PIC QUESTION OF THE WEEK: 7/17/06 Q: What is the preferred antibiotic for the treatment of travelers’ diarrhea? A: Travelers’ diarrhea (TD) results from ingestion of contaminated food and water. High-risk areas include Mexico, Asia, the Middle East, Central and South America, and Africa. Bacteria are the most frequent (~85%) cause of TD; however, parasitic infection and viruses may also be responsible. In many cases, the pathogen cannot be isolated. The most common cause of TD worldwide is enterotoxigenic E. coli. Other forms of E.coli as well as Campylobacter jejuni, Salmonella, and Shigella species are also associated with this disorder. TD is characterized by acute, watery, sometimes bloody diarrhea, abdominal cramps, and rectal urgency. It may be accompanied by nausea, bloating, and fever. The disorder is typically self-limited and may last for only 3-4 days, even without treatment. The most important preventive measure against TD is the proper selection and preparation of food and beverages. Bismuth subsalicylate (BSS;Pepto-Bismol) has been shown to reduce the incidence of TD from 40% to 14% when used in travelers to Mexico. Antimicrobial agents are generally not recommended for prophylaxis of TD. Loperamide (Imodium) is typically indicated for management of mild cases of TD. Antibiotics are the primary agents suggested for the treatment of moderate to severe forms of diarrhea. First-line antibiotics for the treatment (and prevention) of TD include the fluoroquinolones ciprofloxacin and levofloxacin. Ofloxacin and norfloxacin have also been used effectively in this condition. In cases of resistance to fluoroquinolones (e.g. Thailand and India), azithromycin has proven to be effective. The usual dose of ciprofloxacin is 500 mg twice daily, while levofloxacin is generally administered as one 500 mg dose daily. Both drugs can be given for one to three days. Azithromycin can be prescribed as a single 1 g dose or 500 mg daily for three days. Although standard treatment regimens consist of three days of therapy, mild cases may respond to single doses of these drugs. A non-absorbed antimicrobial named rifaximin (Xifaxan) is labeled for the treatment of TD caused by non-invasive strains of E.coli. As stated earlier, good hygiene and strict adherence to proper preparation of food and drink are the major preventive measures for TD. In most cases, short courses of fluoroquinolones clear infection within a few days. References: • •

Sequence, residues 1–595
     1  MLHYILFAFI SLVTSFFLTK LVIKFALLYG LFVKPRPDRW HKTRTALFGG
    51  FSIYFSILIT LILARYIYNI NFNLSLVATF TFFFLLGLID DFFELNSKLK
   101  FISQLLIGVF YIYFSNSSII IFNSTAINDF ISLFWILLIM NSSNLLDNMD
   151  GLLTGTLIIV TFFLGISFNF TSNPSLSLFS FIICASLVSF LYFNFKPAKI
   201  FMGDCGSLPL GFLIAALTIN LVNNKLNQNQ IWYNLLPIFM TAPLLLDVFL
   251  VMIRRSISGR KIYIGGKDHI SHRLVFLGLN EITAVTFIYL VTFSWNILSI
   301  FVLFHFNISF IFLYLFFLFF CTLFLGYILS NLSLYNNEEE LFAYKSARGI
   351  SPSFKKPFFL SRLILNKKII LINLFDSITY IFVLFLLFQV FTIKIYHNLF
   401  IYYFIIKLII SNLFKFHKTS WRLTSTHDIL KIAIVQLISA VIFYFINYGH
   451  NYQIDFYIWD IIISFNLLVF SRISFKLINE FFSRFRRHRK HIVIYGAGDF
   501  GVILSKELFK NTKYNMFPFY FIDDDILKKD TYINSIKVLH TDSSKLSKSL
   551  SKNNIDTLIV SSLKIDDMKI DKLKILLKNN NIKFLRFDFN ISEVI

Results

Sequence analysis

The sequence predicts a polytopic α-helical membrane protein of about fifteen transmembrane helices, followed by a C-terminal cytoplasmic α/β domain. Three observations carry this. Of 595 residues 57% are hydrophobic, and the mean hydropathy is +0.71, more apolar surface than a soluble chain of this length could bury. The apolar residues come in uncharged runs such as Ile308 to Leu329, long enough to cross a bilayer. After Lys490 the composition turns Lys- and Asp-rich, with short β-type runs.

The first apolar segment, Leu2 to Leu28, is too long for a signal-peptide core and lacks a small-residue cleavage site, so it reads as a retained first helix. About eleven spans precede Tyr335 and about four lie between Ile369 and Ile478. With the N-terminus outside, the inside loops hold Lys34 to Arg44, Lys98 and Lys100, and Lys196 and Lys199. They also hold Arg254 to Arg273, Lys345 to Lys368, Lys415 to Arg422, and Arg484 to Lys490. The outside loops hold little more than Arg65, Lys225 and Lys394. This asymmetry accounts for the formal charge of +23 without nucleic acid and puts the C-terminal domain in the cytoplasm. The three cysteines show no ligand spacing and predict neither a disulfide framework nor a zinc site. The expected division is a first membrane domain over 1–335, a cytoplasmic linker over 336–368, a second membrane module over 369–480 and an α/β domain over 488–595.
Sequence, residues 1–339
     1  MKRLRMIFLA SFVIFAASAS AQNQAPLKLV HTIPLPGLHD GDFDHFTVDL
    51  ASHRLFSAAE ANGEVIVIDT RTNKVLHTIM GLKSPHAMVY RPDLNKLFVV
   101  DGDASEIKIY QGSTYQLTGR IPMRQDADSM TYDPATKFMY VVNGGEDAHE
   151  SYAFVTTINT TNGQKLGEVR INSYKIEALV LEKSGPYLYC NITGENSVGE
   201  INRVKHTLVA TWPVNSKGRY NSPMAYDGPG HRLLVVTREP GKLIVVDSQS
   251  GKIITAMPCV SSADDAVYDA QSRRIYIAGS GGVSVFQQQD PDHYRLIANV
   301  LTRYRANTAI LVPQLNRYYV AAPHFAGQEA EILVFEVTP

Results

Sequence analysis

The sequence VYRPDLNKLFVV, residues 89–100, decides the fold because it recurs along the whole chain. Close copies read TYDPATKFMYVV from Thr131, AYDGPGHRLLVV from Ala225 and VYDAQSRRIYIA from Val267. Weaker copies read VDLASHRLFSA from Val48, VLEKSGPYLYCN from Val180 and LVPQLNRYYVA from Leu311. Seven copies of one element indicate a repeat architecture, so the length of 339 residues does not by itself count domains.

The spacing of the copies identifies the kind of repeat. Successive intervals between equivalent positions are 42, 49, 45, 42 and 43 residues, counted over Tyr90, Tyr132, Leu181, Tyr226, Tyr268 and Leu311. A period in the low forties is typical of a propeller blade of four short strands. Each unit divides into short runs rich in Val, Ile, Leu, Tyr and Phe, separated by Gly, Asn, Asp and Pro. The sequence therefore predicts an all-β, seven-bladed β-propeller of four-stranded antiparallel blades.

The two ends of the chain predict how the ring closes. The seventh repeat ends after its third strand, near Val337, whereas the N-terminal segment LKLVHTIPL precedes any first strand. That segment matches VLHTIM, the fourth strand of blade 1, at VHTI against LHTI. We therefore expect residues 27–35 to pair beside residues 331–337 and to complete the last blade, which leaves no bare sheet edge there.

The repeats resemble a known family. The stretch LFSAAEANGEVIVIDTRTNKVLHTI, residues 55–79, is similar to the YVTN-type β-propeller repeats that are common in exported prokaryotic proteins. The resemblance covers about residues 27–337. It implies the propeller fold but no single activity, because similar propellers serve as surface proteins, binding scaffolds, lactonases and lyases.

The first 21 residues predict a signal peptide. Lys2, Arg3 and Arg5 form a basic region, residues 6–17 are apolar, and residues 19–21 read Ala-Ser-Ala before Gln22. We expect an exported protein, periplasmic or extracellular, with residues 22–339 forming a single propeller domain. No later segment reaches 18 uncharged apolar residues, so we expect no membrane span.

Advice for travelers. Treat Guidel Med Lett 2006;4:25-34. CDC. Travelers’diarrhea. Health information for international travel, 2005-2006 http://www.cdc.gov/travel/diseases.htm#diarrhea (accessed July 14, 2006).
John G. Lech, Pharm.D. The PIC Question of the Week is a publication of the Pharmaceutical Information Center, Mylan School of Pharmacy, Duquesne University, Pittsburgh, PA 15282
Published on Oct 29, 2009
Published on Oct 29, 2009
• Advice for travelers. Treat Guidel Med Lett 2006;4:25-34. • CDC. Travelers’diarrhea. Health information for international travel, 2005-200...